Stack Overflow is a community of 4.7 million programmers, just like you, helping each other.

Join them; it only takes a minute:

Sign up
Join the Stack Overflow community to:
  1. Ask programming questions
  2. Answer and help your peers
  3. Get recognized for your expertise

In our system, we have URLs for pages where the content, including the title, is based on user generated content. I'm trying to figure out the best design that balances SEO, human readability and resiliency.

I've been reading a bunch of material on this, including Tim Berners-Lee's document from way back: Cool URIs don't change.

As an example, imagine I have a book review site where users are submitting content (a worded review) and the book's title and author.

So if they submitted a book review for A Tale of Two Cities (user unintentionally mispells it) with Author of Charles Dickens. The URL could be:

http://foo.com/charles-dickens/a-tale-of-two-cities

Later on, if another book by Dickens is added, it could be:

http://foo.com/charles-dickens/oliver-twist

Then http://foo.com/charles-dickens/ could be a list of all the reviewed books on the site.

However, the problem comes into play if a change is made to book title. Imagine the user mispelled something, like A Tale of Two City, then it's later corrected. This would also change the URL and would break any external links to that page, pagerank, etc.

What is the recommended way to handle this type of problem? Options I see:

  1. First commit wins: No changes to URL are possible after it's initially established

  2. Last commit wins: Always change the URL. So if there's a change to the User generated content, revise the URL. With this approach, either the old URL is dead or a trail is preserved of all the URL changes and all of them still function. Stackoverflow seems to to this.

  3. Don't base URL on UGC: Ignore the user generated content and just come up with URLs not based on it. So url could be http://foo.com/reviews/1234.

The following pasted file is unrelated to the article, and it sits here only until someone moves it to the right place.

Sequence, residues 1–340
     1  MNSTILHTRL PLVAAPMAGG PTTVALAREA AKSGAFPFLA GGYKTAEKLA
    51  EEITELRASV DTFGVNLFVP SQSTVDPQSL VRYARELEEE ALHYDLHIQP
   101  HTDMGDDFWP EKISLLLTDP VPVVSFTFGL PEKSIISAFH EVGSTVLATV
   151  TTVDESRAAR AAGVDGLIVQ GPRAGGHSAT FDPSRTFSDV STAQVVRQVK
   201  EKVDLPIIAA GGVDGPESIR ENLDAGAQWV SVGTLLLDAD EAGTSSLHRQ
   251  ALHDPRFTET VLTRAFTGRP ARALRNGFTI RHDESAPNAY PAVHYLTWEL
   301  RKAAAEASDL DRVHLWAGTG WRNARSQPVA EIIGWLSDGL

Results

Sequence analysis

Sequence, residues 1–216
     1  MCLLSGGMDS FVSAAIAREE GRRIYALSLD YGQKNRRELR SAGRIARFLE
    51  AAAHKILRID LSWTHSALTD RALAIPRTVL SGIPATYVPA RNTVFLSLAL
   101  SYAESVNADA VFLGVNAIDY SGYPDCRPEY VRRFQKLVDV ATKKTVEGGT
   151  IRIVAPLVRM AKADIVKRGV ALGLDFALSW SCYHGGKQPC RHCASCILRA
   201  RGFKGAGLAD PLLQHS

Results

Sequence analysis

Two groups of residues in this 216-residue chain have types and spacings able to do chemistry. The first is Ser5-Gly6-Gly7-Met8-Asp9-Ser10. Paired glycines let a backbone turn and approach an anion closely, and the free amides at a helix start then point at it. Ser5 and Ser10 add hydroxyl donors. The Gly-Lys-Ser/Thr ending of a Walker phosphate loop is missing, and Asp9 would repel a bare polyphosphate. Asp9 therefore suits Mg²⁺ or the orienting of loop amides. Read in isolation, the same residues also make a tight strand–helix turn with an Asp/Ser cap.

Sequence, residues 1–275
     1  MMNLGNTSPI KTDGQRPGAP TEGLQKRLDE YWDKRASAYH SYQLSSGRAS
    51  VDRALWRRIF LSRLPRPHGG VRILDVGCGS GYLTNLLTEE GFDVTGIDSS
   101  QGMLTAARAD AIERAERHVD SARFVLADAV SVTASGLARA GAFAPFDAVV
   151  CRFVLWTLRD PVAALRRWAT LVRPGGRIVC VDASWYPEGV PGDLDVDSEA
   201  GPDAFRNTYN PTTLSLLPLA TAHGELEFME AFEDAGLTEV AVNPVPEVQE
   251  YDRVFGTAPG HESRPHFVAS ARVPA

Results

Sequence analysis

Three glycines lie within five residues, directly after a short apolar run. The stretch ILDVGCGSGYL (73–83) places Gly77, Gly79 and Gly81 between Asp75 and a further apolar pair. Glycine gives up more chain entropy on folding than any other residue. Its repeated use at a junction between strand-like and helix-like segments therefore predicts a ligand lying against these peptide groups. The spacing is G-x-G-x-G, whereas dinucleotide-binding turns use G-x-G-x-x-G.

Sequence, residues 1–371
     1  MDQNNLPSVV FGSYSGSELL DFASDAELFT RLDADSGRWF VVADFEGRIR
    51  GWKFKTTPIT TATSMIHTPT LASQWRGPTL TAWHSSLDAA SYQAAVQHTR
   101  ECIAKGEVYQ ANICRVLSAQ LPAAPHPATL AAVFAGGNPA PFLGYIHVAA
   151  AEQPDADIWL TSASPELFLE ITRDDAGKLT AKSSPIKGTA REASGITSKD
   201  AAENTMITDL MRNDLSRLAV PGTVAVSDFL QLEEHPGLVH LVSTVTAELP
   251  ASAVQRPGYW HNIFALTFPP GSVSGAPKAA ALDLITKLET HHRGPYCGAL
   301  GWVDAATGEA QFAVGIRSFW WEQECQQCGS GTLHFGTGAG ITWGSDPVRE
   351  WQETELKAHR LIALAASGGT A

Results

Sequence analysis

What are people's thoughts on this?

share|improve this question
up vote 1 down vote accepted

You're slightly wrong; Stack Overflow combines #2 and #3. A question has a specific id, and that's all you need to locate the question. For example, this question's id is 11011252. You can access the question with http://stackoverflow.com/questions/11011252, no need to add the portion of the URL (or would you call it a URI in this case?) generated from the question title. In fact, that will get automatically tacked on (whether by redirect or some other method) when you use the titleless address.

Even better, you can append whatever you want (within reason, I suppose) to the end of the address. http://stackoverflow.com/questions/11011252/this-text-will-be-ignored will take you to the question without any problem.

Stack Overflow isn't the only website that does this, either; many other sites I've seen focused on user-generated content follow the same protocol/whatever you call it. It seems like the best method to go with, as it combines the advantages of #3 (underlying URI remains the same) with the advantages of #2 (the URL contains some information about its target, which users will like), and best of all means you won't get any URI conflicts if two people generate content with the same non-unique identifiers.

share|improve this answer
    
Oh snap, you're right. I didn't even see the ID there. This approach is a good one. Thanks! – TMC Jun 15 '12 at 5:08
    
You're quite welcome. – JAB Jun 15 '12 at 12:57
    
+1: Great answer. Do you have any idea how the achieve it? I'm trying to build the same sort of thing in CI, but I can't wrap my head around the architecture. – Jezen Thomas Dec 8 '12 at 15:00
    
Unfortunately I haven't had enough experience with web development to know how to actually implement this. – JAB Dec 8 '12 at 18:04

Your Answer

 
discard

By posting your answer, you agree to the privacy policy and terms of service.

Not the answer you're looking for? Browse other questions tagged or ask your own question.